504 Plan Experiences


(Bethann111) #1

I'm trying to get my daughter's 504 plan written up and I so far, I'm not very happy with the way the school is handling this.  Let me start by saying I'm not new to 504's or IEP's.  My son has had an IEP for 3 years now and my daughter has had a 504 for other reasons for 4 years now.  The problem I'm having is the lack of detail the school wants to list on this 504 and that they do not want to have an official meeting but just add it to her current 504. 

The 504 suggestions I gave them were ones I got off of various other sites and I thought were all within reason.  The school however started the conversation by telling me how long of a list it was.  Not a good start and from there it got worse.  One point that I asked for and feel strongly about is being informed when either her homeroom teacher or the school nurse are not in.  I don't think that's a big deal considering that this person will be with her for 6 hours and that the nurse will be overseeing that she gets the correct dose of insulin.  Yes I understand that they are all busy but what if her sub teacher is unaware of what to look for?  What if she doesn't know and doesn't believe Leeann when she says she needs to see the nurse or go to the bathroom for the 3rd time.  I don't think it's asking too much to get a call that states that the sub has this information. 

I feel the school has been more receptive to other non-life threatening issues than they are to this.  It's not just the items mentioned above.  They failed to notify all the people who teach her, they failed to notify her bus driver and then they lied about it.  Their tone was arrogant and they were dismisive about my fears.  When I asked about what training or knowledge her bus driver would have, they replied that it wasn't an issue since she was only on the bus for 15 minutes.  Unacceptable answer.

So my questions are, what have your experiences been when working on a 504 plan?  Do you have suggestions on things to add in that are not well known?  What do you expect out of the school in terms of educating the teachers about T1? Is anyone willing to share a copy of their plan?

Thanks in advance.


(sjwprod) #2

You may have thin information already. These are private, gov, and ADA sites with info that may be helpful. Keep up the push, the outcome to protect and enable you daughter is what it is all about.

http://specialedlaw.blogs.com/home/2008/09/ada-amendments.html

http://www.ed.gov/about/offices/list/ocr/504faq.html

http://www.diabetes.org/living-with-diabetes/parents-and-kids/diabetes-care-at-school/legal-protections/


(Jessica L) #3

This is why I bring my kids to school. I walk them in every morning and pick them up everyday. So I know without a doubt who is there and who isnt. Its harder for them to push you around when you are in their faces or doing their jobs for them. I would wait to see if there is a sub or not and inform them myself. I know its not possible for everybody to do this just saying its the main reason I do do this. I have papers to give the school from our case manager. I have never had to do one myself. The schools have always filled them out and I agree or disagree.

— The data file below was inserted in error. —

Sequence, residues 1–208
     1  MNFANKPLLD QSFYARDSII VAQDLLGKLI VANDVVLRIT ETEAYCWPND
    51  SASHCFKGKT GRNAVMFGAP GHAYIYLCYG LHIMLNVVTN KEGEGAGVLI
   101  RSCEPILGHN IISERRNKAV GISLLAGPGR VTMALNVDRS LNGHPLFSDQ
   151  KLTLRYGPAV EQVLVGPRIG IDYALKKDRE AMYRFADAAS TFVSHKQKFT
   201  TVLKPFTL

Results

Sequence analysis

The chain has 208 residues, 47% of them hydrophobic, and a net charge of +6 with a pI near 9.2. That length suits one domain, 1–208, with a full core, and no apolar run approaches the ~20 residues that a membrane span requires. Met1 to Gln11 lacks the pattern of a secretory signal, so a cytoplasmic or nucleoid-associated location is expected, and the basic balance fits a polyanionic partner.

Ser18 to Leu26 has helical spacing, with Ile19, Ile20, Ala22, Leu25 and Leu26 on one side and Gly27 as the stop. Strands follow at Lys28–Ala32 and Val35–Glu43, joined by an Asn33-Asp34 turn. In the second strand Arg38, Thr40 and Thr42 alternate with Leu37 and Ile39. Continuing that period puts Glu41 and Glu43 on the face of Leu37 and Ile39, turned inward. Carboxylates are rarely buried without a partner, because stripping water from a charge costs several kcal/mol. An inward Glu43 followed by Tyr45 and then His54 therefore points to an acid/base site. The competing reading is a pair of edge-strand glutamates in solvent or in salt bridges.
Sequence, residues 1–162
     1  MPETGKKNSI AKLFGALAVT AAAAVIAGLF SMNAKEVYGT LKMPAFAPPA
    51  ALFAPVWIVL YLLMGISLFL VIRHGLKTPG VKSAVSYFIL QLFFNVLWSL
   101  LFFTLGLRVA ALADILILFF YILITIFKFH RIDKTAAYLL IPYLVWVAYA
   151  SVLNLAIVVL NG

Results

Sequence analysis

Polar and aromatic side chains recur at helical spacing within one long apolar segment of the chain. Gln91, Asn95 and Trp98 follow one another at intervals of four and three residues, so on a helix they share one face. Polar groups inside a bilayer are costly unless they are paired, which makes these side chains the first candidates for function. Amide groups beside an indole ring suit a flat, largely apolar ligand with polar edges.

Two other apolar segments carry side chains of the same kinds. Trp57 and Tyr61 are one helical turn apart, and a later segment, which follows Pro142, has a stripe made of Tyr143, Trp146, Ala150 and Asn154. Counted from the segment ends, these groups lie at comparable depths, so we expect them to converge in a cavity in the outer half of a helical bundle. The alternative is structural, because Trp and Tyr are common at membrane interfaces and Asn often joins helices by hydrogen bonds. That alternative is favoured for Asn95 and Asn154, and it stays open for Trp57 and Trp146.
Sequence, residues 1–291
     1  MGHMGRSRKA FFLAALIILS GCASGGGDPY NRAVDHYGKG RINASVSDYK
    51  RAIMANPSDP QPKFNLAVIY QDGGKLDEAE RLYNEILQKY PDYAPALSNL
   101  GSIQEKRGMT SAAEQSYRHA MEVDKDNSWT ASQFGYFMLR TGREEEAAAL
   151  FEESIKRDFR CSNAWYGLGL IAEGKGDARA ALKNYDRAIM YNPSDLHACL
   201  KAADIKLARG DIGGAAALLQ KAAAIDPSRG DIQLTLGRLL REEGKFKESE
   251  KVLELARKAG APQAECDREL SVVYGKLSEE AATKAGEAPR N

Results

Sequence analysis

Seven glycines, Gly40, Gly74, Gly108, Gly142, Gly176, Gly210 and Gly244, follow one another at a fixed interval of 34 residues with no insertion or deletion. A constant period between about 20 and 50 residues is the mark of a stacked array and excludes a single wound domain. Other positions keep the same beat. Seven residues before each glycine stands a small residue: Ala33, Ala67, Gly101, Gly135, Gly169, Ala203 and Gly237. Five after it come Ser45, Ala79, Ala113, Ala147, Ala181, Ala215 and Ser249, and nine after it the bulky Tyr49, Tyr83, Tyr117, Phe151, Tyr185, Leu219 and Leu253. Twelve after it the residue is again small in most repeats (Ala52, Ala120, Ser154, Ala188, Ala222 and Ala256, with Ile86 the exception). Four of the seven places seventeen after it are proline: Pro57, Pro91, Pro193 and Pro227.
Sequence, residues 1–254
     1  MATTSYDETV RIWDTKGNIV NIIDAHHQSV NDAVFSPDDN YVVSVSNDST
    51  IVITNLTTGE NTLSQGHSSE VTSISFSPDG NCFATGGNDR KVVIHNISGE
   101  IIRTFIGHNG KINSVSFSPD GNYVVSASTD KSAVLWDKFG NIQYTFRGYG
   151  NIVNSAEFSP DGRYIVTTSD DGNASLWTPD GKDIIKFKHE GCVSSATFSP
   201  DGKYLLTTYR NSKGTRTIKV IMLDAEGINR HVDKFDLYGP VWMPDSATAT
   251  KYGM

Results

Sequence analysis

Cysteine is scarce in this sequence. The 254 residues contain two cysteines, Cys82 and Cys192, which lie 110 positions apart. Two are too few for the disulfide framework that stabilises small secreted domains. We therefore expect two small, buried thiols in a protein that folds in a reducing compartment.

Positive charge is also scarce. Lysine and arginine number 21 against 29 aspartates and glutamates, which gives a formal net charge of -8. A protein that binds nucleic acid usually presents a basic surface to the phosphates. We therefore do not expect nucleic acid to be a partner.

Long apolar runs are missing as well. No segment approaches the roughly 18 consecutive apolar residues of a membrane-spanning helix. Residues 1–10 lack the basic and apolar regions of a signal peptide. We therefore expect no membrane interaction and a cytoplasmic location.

(sarahslp) #4

I've only done 504's and IEP's from the other side at work, and never for T1. But, what I would suggest is:

1. get written info from the doctor b/c for some stupid reason people will listen to a dr more than a parent who was informed BY the dr. You could write a proposed plan and the endo could sign it with a note that's it's necessary or something.

2. I would also make it clear to them in a polite way that you want to meet in person to discuss the update and won't sign until it makes your daughter's needs. Not to sound cynical, but maybe they'll want to get out of multiple meetings with you and agree more quickly? At the meeting, it can help to bring an advocate who will also speak for your daughters needs. Maybe someone from the local JDRF? A couple years ago, I attended an IEP in another district for a family whose child I worked with and was able to help the family get more services than originally offered by coming at it from an "outside" prespective (i.e., "studies show that, blah blah blah...").

3. When I worked in public schools, many people felt angry b/c they felt overworked. Even though they are legally mandated to provide a safe and healthy environment for your child, they don't seem to want to step out of the box to really get it done. I'd swallow my pride and say something like, "I know you are so busy and work so hard. You have so many children's needs to meet, not just my daughter's. However, for her safety, I need to be informed when the nurse / teacher is out. I'm sure you won't want to have to worry that she'd have a dangerous episode during the school day either! How can we make this easier for you? How about if you decide whether you call or email me by 8 am if they will be out, whatever is easier for you." Maybe the bus supervisor could get involved on the driver thing?